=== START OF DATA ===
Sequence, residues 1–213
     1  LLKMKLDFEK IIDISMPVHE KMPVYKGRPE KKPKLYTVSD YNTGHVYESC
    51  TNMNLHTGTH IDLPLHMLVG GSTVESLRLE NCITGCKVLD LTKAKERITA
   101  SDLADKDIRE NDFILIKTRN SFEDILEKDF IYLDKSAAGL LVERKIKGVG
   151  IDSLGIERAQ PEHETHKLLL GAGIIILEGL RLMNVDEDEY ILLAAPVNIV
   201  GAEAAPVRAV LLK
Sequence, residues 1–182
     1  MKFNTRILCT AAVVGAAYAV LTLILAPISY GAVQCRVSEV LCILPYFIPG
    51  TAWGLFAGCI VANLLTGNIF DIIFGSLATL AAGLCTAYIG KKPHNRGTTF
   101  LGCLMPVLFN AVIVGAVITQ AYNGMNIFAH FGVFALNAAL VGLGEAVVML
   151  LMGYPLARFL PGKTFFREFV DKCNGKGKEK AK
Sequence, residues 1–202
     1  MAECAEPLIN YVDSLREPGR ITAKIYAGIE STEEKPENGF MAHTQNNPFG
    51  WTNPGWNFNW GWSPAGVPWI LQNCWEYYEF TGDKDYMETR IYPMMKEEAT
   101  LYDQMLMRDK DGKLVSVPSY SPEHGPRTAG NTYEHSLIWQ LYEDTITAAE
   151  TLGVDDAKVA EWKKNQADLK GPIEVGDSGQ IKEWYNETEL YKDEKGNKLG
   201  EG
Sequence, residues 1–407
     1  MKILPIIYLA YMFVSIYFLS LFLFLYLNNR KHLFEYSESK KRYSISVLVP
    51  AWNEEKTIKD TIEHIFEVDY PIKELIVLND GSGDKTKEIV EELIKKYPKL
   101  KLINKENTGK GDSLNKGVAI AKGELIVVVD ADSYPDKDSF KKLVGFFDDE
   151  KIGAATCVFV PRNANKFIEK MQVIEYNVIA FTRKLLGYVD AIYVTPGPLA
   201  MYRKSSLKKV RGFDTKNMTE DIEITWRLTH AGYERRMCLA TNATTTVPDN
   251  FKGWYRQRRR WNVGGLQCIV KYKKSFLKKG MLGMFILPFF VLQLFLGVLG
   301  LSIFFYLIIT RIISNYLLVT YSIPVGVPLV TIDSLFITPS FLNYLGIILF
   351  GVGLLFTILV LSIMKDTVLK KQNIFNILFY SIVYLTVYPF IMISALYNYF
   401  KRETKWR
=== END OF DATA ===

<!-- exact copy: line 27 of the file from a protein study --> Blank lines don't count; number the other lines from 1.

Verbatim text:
   401  KRETKWR